Wow. This is an impressive article indeed. It starts off badly ('The 80s comeback is upon us! Oh, it's been around since 1998' bit in paragraphs two and three is particularly spectacular), and heads downhill fast as DeRogatis lists his Top Eight reasons why the 1980s sucked. Perhaps, in the spirit of things, we'll take things in order:
- Over-production It'd be wrong to say that there weren't over-produced songs in the 1980s. But of course, you could say the same about any period in pop music; Paul McCartney famously hated Phil Spector's lavish work on Let It Be, and Britney Spears' Hit Me Baby One More Time is Production Gone Wild. It's definitely not exclusive to the 1980s. If you're looking for subtle production from twenty years ago, then how about Trevor Horn's production on ABC's All of My Heart, or New Order's The Perfect Kiss, or anything from Dexy's Don't Stand Me Down album? And besides, Born In The U.S.A. is fantastic, and the production sound is a big part of why it's great.
- Bombast Er, okay. Not entirely sure what he's getting at here, but to be honest, I prefer reach-for-the-skies vocals as opposed to Current Indie Band Attempts To Copy Jeff Buckley's Vocals (Badly)…
- The dearth of social conscience Oh, come on. Even granting that the writer is American, and so can be possibly forgiven for not knowing about things like Red Wedge, the campaigns against Clause 28 (reason number 2353 of why I will not vote Conservative), Heaven 17's Fascist Groove Thang, Simple Mind's Belfast Child, the Free Nelson Mandela concert, or the gender politics of the New Romantic movement, two words completely destroy DeRogatis' argument: Live Aid.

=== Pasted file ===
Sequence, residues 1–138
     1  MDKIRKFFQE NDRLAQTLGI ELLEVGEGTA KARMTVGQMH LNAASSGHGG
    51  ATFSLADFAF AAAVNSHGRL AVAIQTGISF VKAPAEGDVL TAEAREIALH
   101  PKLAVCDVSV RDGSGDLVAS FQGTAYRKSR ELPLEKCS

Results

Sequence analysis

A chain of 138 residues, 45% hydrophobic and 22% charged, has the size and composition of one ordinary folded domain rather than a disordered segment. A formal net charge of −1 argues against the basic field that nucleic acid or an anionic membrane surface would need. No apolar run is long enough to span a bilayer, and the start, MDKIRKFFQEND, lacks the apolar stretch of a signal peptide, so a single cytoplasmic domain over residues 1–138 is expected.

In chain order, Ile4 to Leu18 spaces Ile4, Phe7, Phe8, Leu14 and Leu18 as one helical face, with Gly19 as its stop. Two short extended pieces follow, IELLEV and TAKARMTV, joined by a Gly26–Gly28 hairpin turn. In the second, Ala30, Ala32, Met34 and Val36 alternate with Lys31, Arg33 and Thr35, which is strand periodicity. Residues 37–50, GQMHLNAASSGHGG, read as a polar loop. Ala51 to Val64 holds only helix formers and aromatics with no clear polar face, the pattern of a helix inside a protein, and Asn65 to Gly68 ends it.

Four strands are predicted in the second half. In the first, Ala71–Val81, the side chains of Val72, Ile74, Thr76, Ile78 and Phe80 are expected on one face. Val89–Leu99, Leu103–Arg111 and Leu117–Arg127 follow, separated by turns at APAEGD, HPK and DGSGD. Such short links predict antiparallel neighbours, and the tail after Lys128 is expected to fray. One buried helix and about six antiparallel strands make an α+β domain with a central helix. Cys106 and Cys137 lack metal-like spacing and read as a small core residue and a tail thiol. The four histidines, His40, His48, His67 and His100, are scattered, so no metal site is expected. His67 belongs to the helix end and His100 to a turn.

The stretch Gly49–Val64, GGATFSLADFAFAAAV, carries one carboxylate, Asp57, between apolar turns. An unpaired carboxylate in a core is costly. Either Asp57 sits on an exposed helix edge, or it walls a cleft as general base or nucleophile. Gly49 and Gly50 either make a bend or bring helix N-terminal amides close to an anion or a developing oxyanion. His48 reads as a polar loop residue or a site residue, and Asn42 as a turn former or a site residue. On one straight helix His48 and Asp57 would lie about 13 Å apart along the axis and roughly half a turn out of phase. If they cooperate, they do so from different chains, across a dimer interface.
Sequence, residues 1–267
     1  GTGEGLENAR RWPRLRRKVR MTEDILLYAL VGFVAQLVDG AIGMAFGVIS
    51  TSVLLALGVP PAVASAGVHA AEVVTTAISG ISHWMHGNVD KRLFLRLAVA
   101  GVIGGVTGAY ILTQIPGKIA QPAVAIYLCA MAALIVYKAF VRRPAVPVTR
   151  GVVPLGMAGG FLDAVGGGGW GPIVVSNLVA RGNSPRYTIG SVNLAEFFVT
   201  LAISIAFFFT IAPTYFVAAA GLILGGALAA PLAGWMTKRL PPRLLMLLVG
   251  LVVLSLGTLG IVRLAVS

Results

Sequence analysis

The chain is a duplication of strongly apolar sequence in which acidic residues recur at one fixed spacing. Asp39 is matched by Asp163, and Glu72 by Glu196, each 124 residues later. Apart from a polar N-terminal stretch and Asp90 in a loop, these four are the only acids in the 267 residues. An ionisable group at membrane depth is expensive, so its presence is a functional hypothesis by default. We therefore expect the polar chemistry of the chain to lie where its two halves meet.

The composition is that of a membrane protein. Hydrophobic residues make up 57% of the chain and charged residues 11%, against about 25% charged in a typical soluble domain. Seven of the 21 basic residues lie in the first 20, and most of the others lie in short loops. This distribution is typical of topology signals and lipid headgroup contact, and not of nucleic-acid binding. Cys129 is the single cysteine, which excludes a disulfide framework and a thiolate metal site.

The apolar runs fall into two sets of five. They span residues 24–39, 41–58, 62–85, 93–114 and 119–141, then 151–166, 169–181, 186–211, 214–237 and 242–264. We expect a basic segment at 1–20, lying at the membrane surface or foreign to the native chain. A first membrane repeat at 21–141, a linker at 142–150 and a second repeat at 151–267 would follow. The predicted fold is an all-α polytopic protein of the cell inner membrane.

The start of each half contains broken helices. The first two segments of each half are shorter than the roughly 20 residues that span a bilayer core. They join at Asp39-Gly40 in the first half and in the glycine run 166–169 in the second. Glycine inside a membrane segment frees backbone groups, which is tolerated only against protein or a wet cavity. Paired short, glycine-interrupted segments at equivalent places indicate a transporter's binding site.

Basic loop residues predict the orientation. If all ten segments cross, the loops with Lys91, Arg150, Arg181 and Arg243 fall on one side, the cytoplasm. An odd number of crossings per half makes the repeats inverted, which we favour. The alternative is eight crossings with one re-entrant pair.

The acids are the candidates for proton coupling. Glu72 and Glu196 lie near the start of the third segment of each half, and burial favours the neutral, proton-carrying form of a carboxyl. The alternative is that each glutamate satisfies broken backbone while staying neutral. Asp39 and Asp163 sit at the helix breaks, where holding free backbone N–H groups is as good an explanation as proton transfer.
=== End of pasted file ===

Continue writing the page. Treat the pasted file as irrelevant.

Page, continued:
- Sexism Because, of course, there was no sexism in the 1960s or 1970s. Oh no. And we've complete purged ourselves of it now. Ho ho.
- The advent of digital synthesizers
- The dominance of early drum machines New Order. The Art of Noise. Pet Shop Boys. Frankie Goes To Hollywood. I don't need to say much more, except that these are four acts that couldn't exist without 1980s technology, and all four changed pop for the better.
- The fashions I have been known to wear mascara, so I recuse myself from this entry (except to say: Adam Ant! Kevin Rowland! Haircut 100! Okay, strike that last one).
- MTV Yeah. Yeah. Image-over-substance. But at least they played videos back in the 1980s. Also, given that America has never had a unifed radio network like Britain, it was the first time that all of America's youth could experience something similar to Radio 1; a shared playground that spread British bands and hip-hop all over the nation. And for that, MTV can be forgiven for many sins.